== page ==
Sen. Claire McCaskill, above, and Sen. John McCain wrote a letter to the acting undersecretary of Defense for acquisition, technology and logistics, asking to review all sole-source contracts awarded to Alaska Native corporations before the 2010 DoD authorization law took effect. (Alex Wong / Getty Images)
Sens. Claire McCaskill, D-Mo., and John McCain, R-Ariz., have asked the Defense Department to review all sole-source contracts to Alaska Native corporations in the wake of an alleged fraud scheme that cost the government $20 million.
Both senators have previously accused Alaska Native corporations (ANC) of exploiting their ability to get lucrative sole-source contracts by subcontracting with non-ANC companies to perform most of the work. McCaskill and McCain were among lawmakers who pushed for language in the 2010 National Defense Authorization Act that requires a contracting officer to justify and get approval for a sole-source contract worth more than $20 million that has been set aside for small and disadvantaged businesses, which includes ANCs.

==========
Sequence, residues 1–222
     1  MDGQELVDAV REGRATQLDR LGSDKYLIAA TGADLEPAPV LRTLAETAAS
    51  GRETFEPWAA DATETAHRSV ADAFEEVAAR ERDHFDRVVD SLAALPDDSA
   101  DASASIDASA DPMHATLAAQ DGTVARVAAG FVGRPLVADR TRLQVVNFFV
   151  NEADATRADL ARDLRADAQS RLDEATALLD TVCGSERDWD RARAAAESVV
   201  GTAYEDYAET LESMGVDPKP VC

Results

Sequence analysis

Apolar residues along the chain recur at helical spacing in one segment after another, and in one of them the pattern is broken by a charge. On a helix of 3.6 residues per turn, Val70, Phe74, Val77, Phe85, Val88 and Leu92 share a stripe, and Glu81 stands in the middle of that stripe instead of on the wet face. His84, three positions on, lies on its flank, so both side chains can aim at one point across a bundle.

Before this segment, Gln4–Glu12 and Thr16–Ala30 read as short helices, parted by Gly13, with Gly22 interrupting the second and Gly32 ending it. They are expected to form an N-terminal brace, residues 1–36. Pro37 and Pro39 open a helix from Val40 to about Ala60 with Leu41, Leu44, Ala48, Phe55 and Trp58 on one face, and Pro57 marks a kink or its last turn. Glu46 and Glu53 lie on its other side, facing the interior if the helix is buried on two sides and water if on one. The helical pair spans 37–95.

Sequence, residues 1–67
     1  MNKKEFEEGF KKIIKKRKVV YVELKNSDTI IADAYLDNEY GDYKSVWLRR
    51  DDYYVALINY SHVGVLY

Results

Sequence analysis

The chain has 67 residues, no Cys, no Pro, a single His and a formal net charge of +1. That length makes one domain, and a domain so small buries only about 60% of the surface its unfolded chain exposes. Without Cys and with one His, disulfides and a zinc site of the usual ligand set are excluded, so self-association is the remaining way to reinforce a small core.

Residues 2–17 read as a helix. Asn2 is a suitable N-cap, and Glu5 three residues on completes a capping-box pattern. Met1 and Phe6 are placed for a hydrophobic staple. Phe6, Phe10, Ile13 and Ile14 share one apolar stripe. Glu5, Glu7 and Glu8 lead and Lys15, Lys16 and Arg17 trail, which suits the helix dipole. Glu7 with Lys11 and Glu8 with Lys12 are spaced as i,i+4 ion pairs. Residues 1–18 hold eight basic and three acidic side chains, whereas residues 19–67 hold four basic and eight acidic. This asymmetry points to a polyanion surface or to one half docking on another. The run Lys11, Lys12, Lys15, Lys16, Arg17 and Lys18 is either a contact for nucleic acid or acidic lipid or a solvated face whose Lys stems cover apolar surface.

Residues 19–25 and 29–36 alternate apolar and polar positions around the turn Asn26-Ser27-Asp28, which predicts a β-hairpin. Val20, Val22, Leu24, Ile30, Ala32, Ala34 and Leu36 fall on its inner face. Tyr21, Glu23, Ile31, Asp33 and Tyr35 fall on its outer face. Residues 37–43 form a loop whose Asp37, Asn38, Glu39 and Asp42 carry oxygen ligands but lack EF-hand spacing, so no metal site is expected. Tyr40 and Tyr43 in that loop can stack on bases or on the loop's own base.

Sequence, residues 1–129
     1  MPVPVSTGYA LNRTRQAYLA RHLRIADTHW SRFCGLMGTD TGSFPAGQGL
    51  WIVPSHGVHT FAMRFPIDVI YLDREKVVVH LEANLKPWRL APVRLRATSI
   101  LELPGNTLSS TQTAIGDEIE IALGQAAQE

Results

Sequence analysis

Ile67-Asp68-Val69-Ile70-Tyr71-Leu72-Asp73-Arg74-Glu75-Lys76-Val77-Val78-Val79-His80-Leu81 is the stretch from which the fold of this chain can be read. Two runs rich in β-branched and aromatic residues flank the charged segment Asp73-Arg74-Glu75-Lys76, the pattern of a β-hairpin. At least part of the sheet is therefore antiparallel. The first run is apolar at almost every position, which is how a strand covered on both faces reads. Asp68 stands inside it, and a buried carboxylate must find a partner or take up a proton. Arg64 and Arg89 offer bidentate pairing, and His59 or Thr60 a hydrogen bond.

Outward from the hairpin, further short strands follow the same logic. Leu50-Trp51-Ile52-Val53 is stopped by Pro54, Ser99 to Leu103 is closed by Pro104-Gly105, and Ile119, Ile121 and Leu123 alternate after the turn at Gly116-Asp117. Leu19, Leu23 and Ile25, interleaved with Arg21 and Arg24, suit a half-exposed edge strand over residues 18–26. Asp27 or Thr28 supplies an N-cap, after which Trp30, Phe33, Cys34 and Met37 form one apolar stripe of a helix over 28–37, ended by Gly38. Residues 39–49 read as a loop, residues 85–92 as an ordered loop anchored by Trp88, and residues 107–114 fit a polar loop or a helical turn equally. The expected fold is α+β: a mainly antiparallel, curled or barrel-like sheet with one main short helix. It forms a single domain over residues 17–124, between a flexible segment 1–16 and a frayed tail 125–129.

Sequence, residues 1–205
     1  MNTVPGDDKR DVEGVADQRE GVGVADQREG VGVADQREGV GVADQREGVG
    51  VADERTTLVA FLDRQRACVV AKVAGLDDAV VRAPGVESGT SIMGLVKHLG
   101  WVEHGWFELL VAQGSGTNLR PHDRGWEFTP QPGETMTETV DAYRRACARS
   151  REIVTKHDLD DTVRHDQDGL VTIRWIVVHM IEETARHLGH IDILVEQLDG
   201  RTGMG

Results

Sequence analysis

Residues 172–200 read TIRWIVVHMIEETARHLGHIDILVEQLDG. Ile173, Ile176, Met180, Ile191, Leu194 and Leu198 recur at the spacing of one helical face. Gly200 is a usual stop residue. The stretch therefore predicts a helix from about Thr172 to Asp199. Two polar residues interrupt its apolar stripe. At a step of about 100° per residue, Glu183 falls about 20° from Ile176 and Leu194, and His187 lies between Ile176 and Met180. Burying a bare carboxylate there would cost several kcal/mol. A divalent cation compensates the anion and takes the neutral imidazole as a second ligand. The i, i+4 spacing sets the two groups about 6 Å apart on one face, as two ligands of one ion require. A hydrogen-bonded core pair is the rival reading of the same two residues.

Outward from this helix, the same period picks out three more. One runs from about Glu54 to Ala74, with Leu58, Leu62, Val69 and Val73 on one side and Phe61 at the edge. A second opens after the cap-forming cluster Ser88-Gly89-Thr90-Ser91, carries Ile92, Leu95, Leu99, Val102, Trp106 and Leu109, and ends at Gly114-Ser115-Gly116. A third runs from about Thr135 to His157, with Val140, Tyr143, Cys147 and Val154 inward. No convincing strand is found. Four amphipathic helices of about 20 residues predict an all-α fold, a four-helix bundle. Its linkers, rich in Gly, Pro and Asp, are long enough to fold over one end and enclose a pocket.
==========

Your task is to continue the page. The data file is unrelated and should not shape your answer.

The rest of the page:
The additional oversight is meant to prevent fraud and abuse, such as the alleged scheme that led to the Oct. 4 arrest of two Army Corps of Engineers employees and an official with EyakTek, a subsidiary of an ANC.
The Army employees allegedly conspired with the former contracts director at EyakTek and a subcontractor to overcharge the government by $20 million and pocket the money. The men also planned to direct another contract to EyakTek's subcontractor by using specific language in the contract that favored the company and rigging the selection process, according to the indictment.
In http://mccaskill.senate.gov/files/documents/pdf/FINAL_SIGNED_Kendall.11.10.12.pdf">an Oct. 12 letter, McCaskill and McCain asked Frank Kendall, acting undersecretary of Defense for acquisition, technology and logistics, to review all sole-source contracts awarded to ANCs before the 2010 authorization law took effect.
The senators also ask for information, including subcontractor awards, on sole-source contracts greater than $20 million that went to small and disadvantaged businesses since 2006, and descriptions of the controls that the Defense Department will use to ensure that source-selection boards cannot be manipulated to favor certain bidders.